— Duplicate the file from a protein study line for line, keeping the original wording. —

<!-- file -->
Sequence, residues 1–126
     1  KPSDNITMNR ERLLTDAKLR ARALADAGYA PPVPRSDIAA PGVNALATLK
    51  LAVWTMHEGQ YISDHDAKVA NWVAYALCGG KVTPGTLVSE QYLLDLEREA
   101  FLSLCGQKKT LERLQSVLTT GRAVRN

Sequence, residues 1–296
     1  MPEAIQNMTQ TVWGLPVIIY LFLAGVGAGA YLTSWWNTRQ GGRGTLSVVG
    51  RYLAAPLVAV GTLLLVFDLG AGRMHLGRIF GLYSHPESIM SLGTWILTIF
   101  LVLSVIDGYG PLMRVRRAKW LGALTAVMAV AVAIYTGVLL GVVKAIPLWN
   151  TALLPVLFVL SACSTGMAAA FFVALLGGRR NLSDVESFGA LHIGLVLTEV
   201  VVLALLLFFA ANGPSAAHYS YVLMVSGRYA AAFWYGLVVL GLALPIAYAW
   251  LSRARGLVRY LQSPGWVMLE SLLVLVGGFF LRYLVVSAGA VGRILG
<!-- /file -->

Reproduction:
Sequence, residues 1–126
     1  KPSDNITMNR ERLLTDAKLR ARALADAGYA PPVPRSDIAA PGVNALATLK
    51  LAVWTMHEGQ YISDHDAKVA NWVAYALCGG KVTPGTLVSE QYLLDLEREA
   101  FLSLCGQKKT LERLQSVLTT GRAVRN

Sequence, residues 1–296
     1  MPEAIQNMTQ TVWGLPVIIY LFLAGVGAGA YLTSWWNTRQ GGRGTLSVVG
    51  RYLAAPLVAV GTLLLVFDLG AGRMHLGRIF GLYSHPESIM SLGTWILTIF
   101  LVLSVIDGYG PLMRVRRAKW LGALTAVMAV AVAIYTGVLL GVVKAIPLWN
   151  TALLPVLFVL SACSTGMAAA FFVALLGGRR NLSDVESFGA LHIGLVLTEV
   201  VVLALLLFFA ANGPSAAHYS YVLMVSGRYA AAFWYGLVVL GLALPIAYAW
   251  LSRARGLVRY LQSPGWVMLE SLLVLVGGFF LRYLVVSAGA VGRILG